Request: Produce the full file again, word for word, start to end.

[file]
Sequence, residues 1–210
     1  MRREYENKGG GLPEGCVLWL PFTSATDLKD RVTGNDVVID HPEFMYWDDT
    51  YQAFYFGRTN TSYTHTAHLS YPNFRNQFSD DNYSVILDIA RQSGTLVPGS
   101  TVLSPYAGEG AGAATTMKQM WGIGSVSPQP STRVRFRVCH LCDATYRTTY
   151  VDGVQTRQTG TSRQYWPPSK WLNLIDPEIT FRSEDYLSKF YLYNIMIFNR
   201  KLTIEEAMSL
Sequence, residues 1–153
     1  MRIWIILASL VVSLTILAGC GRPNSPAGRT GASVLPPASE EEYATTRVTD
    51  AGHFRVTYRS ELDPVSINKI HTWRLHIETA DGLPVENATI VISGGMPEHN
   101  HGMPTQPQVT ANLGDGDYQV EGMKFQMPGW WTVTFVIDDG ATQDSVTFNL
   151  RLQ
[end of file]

Sequence, residues 1–210
     1  MRREYENKGG GLPEGCVLWL PFTSATDLKD RVTGNDVVID HPEFMYWDDT
    51  YQAFYFGRTN TSYTHTAHLS YPNFRNQFSD DNYSVILDIA RQSGTLVPGS
   101  TVLSPYAGEG AGAATTMKQM WGIGSVSPQP STRVRFRVCH LCDATYRTTY
   151  VDGVQTRQTG TSRQYWPPSK WLNLIDPEIT FRSEDYLSKF YLYNIMIFNR
   201  KLTIEEAMSL
Sequence, residues 1–153
     1  MRIWIILASL VVSLTILAGC GRPNSPAGRT GASVLPPASE EEYATTRVTD
    51  AGHFRVTYRS ELDPVSINKI HTWRLHIETA DGLPVENATI VISGGMPEHN
   101  HGMPTQPQVT ANLGDGDYQV EGMKFQMPGW WTVTFVIDDG ATQDSVTFNL
   151  RLQ